Thrift Store Book Finds

I like to buy books at thrift stores.  We have a large chain of thrift stores in my area called Deseret Industries.  We frequently donate, and get tax deductions for it, but I also frequently shop for books there.  And, on occasion I’ll find children’s toys or bikes in great condition.

Anyway, my most recent finds only cost $6.50, and the books were on my list to read anyway.  Here they are:

Their Eyes Were Watching God (1937) by Zora Neale Hurston has been on my to-read list for quite some time.  I have never gotten to it, but now that I own it, I will.  I promise, I will.  I recently read an essay by Alice Walker called “Saving the Life that Is Your Own: The Importance of Models in the Artist’s Life” in which she mentions Hurston.  Walker highlights the importance of having models as an artist and how knowing that somebody paved the way before is a confidence builder and a foundational tool for any artist.

Walker’s essay also alludes to Virginia Woolf’s A Room of One’s Own.  This is my favorite of Woolf’s books, and I already owned it, but it was part of a large anthology, so now I have a copy of it all by itself.  (Did I really need it?  No.  Did I want it?  Yes!)

I also picked up Woolf’s To the Lighthouse (1927), which I attempted to read once a decade ago and never got into it enough to finish.  I plan on reading it now, especially since I have already tackled the much more daunting Mrs. Dalloway and I have since become enthralled with Woolf’s life and work.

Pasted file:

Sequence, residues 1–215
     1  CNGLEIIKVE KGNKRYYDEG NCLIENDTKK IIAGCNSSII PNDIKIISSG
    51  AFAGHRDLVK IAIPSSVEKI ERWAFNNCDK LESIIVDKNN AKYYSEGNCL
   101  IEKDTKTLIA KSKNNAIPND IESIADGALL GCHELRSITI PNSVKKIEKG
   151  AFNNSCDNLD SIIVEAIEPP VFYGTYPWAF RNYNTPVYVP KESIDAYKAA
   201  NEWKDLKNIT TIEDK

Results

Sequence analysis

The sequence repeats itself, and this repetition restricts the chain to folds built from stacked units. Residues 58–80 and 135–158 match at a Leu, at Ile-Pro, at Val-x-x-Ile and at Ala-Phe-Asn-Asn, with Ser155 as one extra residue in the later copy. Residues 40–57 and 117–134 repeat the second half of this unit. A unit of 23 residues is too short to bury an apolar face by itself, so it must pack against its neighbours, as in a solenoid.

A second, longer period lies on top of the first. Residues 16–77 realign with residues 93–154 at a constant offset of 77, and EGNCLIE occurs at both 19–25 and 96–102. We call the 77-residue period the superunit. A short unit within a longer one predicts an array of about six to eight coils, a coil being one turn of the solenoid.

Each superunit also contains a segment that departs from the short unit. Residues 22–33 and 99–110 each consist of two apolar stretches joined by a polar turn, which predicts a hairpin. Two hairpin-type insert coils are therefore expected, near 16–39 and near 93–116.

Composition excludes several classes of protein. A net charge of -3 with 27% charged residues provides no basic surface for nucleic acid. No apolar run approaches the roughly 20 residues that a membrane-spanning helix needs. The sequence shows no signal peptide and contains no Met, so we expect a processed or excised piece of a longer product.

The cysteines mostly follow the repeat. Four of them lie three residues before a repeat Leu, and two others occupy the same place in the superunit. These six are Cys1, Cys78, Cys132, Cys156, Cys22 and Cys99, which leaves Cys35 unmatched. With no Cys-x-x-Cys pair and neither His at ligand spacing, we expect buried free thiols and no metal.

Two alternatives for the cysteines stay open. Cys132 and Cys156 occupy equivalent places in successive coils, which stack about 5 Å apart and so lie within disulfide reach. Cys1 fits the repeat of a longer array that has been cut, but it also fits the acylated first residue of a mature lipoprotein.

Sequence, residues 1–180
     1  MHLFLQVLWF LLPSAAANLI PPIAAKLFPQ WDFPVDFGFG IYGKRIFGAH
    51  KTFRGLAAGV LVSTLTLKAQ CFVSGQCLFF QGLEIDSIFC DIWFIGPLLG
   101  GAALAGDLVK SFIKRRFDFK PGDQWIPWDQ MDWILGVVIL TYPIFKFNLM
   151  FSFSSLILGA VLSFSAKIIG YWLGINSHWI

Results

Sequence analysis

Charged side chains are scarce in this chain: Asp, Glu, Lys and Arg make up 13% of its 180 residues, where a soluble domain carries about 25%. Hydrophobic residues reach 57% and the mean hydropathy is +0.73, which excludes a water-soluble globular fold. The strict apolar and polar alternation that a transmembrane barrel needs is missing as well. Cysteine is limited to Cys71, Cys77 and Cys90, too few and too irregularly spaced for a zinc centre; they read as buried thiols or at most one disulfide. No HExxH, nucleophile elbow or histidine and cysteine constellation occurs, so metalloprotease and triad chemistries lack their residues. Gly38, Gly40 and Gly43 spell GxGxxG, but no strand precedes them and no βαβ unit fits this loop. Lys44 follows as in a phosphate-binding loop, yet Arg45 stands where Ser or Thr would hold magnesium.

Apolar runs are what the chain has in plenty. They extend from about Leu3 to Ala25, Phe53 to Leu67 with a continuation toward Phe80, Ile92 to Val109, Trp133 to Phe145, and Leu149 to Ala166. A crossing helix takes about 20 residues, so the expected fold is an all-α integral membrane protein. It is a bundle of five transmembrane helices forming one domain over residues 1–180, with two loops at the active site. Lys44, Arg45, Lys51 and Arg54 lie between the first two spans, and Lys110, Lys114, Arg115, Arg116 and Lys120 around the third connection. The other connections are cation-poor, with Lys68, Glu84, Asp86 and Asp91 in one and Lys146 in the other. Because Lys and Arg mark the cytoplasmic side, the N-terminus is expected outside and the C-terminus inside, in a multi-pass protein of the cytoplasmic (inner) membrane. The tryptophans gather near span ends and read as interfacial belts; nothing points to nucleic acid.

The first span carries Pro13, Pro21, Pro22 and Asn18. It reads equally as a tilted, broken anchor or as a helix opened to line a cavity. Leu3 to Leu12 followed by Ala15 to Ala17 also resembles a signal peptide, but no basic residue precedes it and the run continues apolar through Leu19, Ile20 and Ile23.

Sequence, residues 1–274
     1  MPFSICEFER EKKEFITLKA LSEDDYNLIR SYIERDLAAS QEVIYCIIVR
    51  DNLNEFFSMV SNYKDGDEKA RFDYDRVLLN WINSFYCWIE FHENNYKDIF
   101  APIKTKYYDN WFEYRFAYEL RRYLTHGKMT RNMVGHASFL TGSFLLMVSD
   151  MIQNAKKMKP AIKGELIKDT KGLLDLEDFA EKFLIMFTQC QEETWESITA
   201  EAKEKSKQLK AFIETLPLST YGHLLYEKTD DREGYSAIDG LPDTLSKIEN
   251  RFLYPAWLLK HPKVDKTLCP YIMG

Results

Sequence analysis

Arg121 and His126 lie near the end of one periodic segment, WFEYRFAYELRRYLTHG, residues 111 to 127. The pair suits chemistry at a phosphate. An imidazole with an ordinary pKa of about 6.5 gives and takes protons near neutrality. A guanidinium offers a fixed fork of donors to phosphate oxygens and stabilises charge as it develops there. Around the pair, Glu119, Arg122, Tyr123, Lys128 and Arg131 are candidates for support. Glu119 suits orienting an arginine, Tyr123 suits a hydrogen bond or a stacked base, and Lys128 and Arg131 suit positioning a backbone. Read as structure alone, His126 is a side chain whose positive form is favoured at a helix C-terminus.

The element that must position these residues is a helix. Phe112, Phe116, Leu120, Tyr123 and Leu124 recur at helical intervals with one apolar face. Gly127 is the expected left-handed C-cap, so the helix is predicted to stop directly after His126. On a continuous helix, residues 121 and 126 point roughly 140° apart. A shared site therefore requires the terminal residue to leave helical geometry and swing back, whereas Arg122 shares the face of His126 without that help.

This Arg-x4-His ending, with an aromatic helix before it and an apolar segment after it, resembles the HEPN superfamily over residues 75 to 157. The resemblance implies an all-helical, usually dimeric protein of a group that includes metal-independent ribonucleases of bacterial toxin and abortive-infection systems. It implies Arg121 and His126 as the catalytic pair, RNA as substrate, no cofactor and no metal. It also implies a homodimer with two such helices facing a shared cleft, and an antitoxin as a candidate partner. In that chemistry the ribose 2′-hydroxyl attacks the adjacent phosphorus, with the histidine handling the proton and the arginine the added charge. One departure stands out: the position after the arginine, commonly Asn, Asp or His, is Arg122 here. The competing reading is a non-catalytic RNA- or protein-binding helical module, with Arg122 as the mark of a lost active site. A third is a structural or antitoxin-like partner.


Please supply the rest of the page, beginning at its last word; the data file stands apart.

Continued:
I also found The Best American Short Stories 2003.  I love these collections, especially The Best American Essays.  It is a great way to find new authors and to see what is happening currently on the literary scene.  I have since come to love Maile Meloy because of exposure to one of her short stories.  We’ll see who I find this time, although the edition is a decade old.  Good storytelling never goes out of style.

The last book is How Green Was My Valley (1940) by Richard Llewellyn.  I first heard of this book a few years ago when compiling a list for a group of young women in my neighborhood to choose from.  My good friend Toni recommended this one, along with Jane Eyre, as a book the girls would like.  Toni is one of the smartest and well read people I know.  She had already read 70 of the books on the BBC book list as of 2009 when the list first made its way among my friends on Facebook.  She will soon graduate with a Ph.D. in Education with an emphasis in literacy, and she is somebody whom I admire and love.  I am sure that this book is a good one because of her recommendation, and I know the story was popular because of a movie version.  It also won the National Book Award.  We’ll see what this tale of a Welsh town has to offer.

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